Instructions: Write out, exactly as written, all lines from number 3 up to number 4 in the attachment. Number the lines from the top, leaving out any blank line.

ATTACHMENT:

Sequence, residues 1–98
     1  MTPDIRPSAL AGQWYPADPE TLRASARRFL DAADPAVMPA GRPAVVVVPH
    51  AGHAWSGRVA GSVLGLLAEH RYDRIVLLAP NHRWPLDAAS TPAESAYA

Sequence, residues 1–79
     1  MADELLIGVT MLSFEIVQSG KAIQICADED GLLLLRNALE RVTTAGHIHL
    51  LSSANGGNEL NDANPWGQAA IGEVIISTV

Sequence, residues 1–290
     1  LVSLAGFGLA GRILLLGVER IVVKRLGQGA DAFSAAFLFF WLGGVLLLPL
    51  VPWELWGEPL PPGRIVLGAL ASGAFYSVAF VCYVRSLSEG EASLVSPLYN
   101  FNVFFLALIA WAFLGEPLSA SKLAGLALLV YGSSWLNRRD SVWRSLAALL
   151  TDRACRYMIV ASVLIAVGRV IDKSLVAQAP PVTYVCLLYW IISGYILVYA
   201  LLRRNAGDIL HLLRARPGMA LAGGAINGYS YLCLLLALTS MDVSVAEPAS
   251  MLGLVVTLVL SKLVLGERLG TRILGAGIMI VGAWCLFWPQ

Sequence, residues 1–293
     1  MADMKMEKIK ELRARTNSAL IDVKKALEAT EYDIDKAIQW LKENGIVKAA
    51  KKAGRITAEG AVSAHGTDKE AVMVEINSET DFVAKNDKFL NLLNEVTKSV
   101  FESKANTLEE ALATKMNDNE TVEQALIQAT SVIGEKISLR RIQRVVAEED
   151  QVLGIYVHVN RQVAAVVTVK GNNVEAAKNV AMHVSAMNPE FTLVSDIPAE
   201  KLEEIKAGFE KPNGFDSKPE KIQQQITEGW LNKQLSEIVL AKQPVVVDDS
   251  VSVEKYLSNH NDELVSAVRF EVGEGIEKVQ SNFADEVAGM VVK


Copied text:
    51  AGHAWSGRVA GSVLGLLAEH RYDRIVLLAP NHRWPLDAAS TPAESAYA

Sequence, residues 1–79